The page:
“As the systems support rapid reaction team, that’s what we do,” said Jordan. “We’re proud of our mission. We take it seriously, we enjoy it, and when we need to come up with good answers quickly, we make it happen quickly.”
The Second World War saw the creation, fielding, and use of some of the most powerful weapons. From massive battleships armed with guns that will never again be matched in size to the atom bomb, these weapons were built to cause shock and awe and bring about destruction like we’ve never seen. England’s legendary “earthquake bombs,” or seismic bombs, were one such invention.
Barnes Wallis was an engineering graduate of the University of London and an incredibly creative mind. Well known for his bouncing bomb of Dambusters fame, Wallis was an integral part of British and Allied war machine programs, churning out improvements in aircraft and munitions design. He came up with the concept of the earthquake bomb in the early years of the War.
These bombs arose out of a need to hit “hardened” targets — reinforced structures designed to withstand heavy bombardment — and underground installations. Before the deployment of the earthquake bomb, these targets were, in theory, impenetrable.
Wallis took their impregnability as a challenge.
At the time, area bombing was the prevailing method employed by Allied forces to hit German targets in the European Theater. Large cells of bombers would drop hundreds, if not thousands, of bombs with the hope that at least a few would hit their mark. This did little to destroy or even inflict damage upon hardened targets.
Instead, Wallis hypothesized that the ideal way to take out these structures and military installations was with an accurate, concentrated attack using a smaller number of extremely powerful munitions.
Speed and momentum would be the new bomb’s method of penetration. Extremely heavy and built with an armored casing and guiding fins, once dropped from its bomber, the munition would reach near-supersonic speeds as it hurtled toward the ground. This force would be more than enough to punch through the layers of thick concrete used by German military engineers to protect their facilities.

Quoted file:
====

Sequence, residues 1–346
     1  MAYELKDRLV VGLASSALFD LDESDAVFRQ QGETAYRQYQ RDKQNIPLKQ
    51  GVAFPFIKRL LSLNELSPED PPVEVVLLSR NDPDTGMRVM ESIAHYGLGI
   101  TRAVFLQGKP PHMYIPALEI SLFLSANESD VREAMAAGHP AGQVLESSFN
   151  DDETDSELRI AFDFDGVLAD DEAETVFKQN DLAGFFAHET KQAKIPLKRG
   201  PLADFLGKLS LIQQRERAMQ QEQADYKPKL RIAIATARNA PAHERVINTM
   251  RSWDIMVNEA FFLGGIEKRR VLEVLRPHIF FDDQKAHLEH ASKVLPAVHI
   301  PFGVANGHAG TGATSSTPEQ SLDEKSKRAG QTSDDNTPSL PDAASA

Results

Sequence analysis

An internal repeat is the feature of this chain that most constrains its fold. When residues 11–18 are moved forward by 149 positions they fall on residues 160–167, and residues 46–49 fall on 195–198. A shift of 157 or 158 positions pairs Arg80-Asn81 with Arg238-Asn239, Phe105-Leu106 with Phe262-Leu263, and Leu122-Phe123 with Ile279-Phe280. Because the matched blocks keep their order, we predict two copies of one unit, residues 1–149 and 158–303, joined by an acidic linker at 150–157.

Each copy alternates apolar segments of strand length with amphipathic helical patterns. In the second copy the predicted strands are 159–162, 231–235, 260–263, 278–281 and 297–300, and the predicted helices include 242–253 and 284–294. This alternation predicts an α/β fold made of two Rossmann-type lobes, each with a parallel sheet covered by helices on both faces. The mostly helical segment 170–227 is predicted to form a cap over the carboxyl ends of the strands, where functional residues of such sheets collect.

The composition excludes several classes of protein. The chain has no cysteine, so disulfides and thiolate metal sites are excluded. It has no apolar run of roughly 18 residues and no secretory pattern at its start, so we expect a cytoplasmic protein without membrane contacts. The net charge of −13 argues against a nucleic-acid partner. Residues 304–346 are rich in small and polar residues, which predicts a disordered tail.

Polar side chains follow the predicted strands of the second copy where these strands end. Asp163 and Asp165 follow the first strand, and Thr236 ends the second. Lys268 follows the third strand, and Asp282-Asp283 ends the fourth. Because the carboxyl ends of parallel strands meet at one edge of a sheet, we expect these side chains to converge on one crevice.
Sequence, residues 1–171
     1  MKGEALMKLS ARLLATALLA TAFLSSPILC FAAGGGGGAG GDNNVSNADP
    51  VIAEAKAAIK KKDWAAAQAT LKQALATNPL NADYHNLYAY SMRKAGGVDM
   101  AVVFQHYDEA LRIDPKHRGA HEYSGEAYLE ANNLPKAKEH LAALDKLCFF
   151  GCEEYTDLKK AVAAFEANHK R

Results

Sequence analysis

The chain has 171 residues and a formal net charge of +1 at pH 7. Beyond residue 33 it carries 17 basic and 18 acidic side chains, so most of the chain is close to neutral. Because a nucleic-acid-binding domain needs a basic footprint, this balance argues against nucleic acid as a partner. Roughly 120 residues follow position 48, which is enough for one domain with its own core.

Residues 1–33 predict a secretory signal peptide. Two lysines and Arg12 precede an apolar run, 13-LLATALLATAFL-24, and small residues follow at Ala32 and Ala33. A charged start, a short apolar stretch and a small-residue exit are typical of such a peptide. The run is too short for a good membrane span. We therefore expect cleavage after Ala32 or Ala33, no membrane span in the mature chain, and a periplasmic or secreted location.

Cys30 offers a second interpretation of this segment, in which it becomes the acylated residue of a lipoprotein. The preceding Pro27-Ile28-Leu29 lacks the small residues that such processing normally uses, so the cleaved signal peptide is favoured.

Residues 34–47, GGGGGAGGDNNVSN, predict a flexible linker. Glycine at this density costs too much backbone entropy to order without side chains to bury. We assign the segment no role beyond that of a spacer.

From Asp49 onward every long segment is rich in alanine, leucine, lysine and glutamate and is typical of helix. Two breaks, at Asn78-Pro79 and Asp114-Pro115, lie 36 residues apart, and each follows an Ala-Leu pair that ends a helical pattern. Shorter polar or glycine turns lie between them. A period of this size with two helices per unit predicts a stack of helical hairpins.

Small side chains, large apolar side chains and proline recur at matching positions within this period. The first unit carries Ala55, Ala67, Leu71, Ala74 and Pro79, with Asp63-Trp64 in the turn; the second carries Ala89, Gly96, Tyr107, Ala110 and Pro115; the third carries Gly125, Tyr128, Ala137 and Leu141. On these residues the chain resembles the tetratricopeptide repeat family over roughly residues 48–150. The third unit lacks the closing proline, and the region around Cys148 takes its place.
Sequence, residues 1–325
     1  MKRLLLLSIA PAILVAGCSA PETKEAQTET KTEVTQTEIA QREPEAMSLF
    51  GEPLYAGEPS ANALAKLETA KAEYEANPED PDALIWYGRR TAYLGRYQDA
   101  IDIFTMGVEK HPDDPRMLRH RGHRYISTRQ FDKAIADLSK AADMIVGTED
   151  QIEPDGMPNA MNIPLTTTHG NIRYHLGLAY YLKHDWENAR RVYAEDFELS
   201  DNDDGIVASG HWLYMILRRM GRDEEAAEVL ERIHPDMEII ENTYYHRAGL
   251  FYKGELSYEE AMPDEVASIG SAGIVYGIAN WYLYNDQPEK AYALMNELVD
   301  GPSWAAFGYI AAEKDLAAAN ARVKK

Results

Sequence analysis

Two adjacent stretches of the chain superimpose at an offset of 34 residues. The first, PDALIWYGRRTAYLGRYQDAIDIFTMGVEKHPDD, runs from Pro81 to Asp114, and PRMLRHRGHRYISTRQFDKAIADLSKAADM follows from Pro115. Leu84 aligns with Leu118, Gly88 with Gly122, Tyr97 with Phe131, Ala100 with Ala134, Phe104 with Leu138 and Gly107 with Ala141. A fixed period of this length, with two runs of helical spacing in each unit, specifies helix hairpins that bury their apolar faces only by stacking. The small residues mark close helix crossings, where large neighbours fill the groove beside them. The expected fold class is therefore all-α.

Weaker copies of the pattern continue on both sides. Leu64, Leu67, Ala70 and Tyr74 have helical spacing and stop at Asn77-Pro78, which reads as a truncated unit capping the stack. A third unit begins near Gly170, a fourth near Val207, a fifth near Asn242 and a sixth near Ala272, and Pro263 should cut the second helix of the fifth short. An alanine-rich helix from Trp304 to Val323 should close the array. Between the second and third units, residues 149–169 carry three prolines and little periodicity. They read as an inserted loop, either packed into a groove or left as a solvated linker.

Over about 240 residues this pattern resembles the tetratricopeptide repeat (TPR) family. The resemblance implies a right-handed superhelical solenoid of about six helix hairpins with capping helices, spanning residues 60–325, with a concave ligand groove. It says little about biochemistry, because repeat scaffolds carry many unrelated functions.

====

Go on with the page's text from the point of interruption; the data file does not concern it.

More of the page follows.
After boring through the ceiling of its target, the seismic bomb would fall as far as its momentum would take it. Only then would it detonate, giving whoever was inside or nearby a glimpse of utter hell. Aircrew who dropped these bombs reported that, at first, it looked as though the bomb merely punched a hole in the target. Within seconds, entire targets seemed to crumple in on themselves and fall into a sinkhole.
When the seismic bomb detonated deep within its target, the shock waves from the gargantuan warhead didn’t just obliterate anything nearby, it destabilized entire structures, shaking and moving the very earth beneath them, destroying and collapsing their foundations. Soon, a new term for these weapons would surface — “bunker busters.”
The Royal Air Force fielded two types of seismic bombs over the course of the Second World War — the Tallboy and the Grand Slam. Both were used against submarine pens, factories, and underground German bunkers to great effect. The US Army Air Force followed suit not too long after with similar bombs of their own. Tallboys were famously used to disable and sink the legendary Bismarck‘s sister battleship, the Tirpitz, in 1944.
It has nothing to do with oil-rig workers, but it has a lot to do with America’s biggest nuclear weapon; NASA has a plan to deflect asteroids that could end all life on earth. It starts with an enormous, experimental, developing launch vehicle and ends with a massive six-shooter of America’s largest nuclear weapons.
The “Cradle,” as it is called, is out to target any near-Earth object that might get too close. And the first test could come in 2029.
Behold the quintessential devil in these matters, the asteroid Apophis.
On Friday, Apr. 13, 2029, the 1,100-foot asteroid Apophis is going to pass just 19,000 miles away from the Earth. That may not seem very close, but in terms of space stuff, that’s a hair’s breadth away, uncomfortably close. Scientists are pretty sure it won’t hit Earth, but it will be close enough to knock out some satellites. What the close call does bring into question is this: what if there are other near-Earth objects out there that definitely will hit Earth?